Collecting at the Crossroads: Comparing the History of Encounter Studies in the Australian and American “Wests”

Jason Gibson, Deakin University

Matthew Liebmann, Harvard Faculty of Arts and Sciences

Alistair Paterson, University of Western Australia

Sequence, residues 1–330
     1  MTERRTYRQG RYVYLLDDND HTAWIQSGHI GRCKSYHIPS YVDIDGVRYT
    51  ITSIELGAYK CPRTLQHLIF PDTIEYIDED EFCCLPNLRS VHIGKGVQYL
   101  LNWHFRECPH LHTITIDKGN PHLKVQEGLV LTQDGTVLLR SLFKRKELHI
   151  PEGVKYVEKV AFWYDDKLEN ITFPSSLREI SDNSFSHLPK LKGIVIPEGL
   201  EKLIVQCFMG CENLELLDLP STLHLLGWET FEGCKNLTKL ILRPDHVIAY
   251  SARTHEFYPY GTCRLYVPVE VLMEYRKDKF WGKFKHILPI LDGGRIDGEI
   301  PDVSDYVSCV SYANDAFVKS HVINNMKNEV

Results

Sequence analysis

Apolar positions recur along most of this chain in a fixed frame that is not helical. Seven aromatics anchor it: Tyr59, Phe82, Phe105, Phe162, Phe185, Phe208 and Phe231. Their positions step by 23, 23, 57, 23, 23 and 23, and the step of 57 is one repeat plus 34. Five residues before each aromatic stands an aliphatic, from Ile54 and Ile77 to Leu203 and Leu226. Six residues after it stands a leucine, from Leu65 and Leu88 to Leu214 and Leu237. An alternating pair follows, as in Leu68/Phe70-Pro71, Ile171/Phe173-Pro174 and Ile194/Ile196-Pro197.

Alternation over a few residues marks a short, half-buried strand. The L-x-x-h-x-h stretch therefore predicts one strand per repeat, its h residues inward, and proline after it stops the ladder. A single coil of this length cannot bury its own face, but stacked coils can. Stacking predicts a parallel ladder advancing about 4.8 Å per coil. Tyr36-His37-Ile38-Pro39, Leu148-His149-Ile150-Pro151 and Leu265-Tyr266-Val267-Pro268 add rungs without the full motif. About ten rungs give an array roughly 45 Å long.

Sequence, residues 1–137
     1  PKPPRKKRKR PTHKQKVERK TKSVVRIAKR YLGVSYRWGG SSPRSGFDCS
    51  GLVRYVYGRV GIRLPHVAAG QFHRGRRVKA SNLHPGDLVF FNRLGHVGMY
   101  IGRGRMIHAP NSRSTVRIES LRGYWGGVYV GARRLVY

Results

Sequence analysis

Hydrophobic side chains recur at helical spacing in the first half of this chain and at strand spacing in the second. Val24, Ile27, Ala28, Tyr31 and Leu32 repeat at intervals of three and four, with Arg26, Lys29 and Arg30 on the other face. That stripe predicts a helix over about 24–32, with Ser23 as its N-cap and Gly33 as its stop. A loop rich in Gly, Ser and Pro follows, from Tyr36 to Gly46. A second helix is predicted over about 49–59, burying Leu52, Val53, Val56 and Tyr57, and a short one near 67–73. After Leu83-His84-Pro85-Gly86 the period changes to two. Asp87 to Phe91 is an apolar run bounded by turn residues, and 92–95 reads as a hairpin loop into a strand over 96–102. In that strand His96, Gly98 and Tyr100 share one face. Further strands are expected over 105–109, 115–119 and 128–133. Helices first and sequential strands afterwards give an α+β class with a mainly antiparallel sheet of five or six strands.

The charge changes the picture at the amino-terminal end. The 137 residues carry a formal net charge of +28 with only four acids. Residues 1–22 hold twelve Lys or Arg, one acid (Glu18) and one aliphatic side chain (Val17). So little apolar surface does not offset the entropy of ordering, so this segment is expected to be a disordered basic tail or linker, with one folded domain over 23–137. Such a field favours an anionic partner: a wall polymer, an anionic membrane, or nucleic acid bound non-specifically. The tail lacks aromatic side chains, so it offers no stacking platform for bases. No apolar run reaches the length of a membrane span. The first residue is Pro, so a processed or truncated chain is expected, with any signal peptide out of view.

We propose to explore the ways museum collections have shaped perceptions of settler-colonialism and Indigenous peoples through a comparison of two “Wests”: western North America and western Australia. We will bring together scholars working with the Berndt Museum of Anthropology at The University of Western Australia (one of Australia’s largest and most significant collections of comparative anthropology), the Peabody Museum at Harvard, and the Kluge Ruhe Aboriginal Art Collection at the University of Virginia. Bringing together historians, anthropologists, archaeologists, and Indigenous activists, this seminar will result in the publication of a collection of essays and an accompanying digital exhibition. The seminar will focus on the future of global ethnographic collections derived from contexts of early colonial encounters in North America and Australia. Critical to this seminar will be Indigenous perspectives and experiences. Ethnographic museums today face a double bind: they must atone for the traumas of dispossession that resulted in the amassing of their collections, while simultaneously pioneering new ways to educate interested publics. This accelerator seminar will build upon ongoing conversations between the seminar organizers and members of Indigenous and museum communities to profile the key questions, research, and forms of Indigenous knowledge around collections as a pathway forward.